Provision of equipment

Using your own equipment (laptop for example) rather than a company one is a minor factor when assessing your status. But as a rule of thumb, if you provide your own equipment, you have been seen to take the financial risk for the kit and therefore likely a contractor. If you use company kit, it could be deemed that you are under their control (How you do a job) and that you are part and parcel of the company. It’s a minor factor because the scenario of IT kit, there are various security measures that may make it impractical or irresponsible for a person to use their own equipment. Therefore, this is a small factor - but will help the determination of other factors.

Intention of the parties

The intention of the parties is rarely given much weight when it comes to assessing an IR35 status of a contract. The intention of a contract should have been detailed in the contract itself and acted on in practise. Therefore, establishing the evidence of the ‘intention’ is usually looked at from the contract point of view. However, if the contract was poorly written and other evidence can help clarify what was meant or intended, this would be taken into account.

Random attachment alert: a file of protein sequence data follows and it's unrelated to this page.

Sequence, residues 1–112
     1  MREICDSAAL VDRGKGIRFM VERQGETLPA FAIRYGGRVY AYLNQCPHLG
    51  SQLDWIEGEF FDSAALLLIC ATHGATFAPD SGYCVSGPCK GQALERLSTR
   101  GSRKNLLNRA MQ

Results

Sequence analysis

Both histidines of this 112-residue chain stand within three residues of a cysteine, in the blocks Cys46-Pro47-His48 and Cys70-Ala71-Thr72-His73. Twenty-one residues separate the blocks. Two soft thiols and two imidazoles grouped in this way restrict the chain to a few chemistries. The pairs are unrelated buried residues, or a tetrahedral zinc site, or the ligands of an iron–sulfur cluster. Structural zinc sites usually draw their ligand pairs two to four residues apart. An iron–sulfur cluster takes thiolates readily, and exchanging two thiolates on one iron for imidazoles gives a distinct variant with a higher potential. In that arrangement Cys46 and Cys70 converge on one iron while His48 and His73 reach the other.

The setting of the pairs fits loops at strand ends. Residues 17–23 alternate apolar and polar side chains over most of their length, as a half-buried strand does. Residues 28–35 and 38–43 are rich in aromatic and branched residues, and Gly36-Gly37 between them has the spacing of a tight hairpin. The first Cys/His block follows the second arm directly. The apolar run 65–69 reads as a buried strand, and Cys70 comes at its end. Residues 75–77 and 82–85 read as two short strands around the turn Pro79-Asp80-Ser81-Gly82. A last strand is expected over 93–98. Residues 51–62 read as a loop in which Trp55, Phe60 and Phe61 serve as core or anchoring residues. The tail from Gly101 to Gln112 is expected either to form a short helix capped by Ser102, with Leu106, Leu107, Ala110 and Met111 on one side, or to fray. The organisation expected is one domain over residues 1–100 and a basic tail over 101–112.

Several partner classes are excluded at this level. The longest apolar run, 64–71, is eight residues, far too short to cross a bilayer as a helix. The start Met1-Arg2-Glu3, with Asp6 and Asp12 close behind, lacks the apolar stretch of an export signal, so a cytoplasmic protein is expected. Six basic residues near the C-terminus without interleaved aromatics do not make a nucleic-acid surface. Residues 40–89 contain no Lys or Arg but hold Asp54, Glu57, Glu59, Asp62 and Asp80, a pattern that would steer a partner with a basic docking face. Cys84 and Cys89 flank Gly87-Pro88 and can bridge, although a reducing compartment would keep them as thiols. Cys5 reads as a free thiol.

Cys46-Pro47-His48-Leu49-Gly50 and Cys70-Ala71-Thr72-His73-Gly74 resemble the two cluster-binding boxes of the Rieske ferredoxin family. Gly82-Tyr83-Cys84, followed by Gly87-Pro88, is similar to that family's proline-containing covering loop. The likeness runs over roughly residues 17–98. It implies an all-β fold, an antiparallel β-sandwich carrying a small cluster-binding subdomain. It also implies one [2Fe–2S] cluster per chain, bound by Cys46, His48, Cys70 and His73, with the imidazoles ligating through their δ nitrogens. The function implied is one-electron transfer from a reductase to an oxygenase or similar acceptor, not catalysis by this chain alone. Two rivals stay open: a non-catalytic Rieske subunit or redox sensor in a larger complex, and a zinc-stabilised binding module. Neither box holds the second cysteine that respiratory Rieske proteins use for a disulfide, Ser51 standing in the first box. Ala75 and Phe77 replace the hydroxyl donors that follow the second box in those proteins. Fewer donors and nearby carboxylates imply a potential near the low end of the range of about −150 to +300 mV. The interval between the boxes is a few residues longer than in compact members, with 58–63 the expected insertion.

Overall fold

Deemed Contract

Where no contract exists or the contract is suggested to have been a paper-exercise only, HMRC will review the ‘deemed contract’ in place which would be evidenced by the actions or the parties. For example, if a contract states a contractor would be available two days a week but in practise is available five days a week and the client makes use of that, then a deemed contract would suggest they’re available full time regards of the paperwork.

Office Holders

A final note on office holders - ie, a Chairman, CEO, Director, Treasurer, Non-exec Director, Nominee Director. These roles all fall inside IR35 and has been determined by case law. Only where these roles are temporarily filled or marked as ‘interim’ can they fall outside IR35. It is therefore important for all office holders to know that it is expected for them to be paying national insurance contributions.

Summary

These factors are all taken into account and weighed up alongside each other. There’s no formula to apply, simply that the evidence available on balance would suggest one way or the other. With this is mind, it’s ok for some of the above to fall inside IR35 as long as it’s the smaller balance of the overall picture.

This site uses cookies

We use cookies on this site so we can provide you with personalised content, ads and to analyse our website's traffic. By continuing to use this website, you consent to cookies.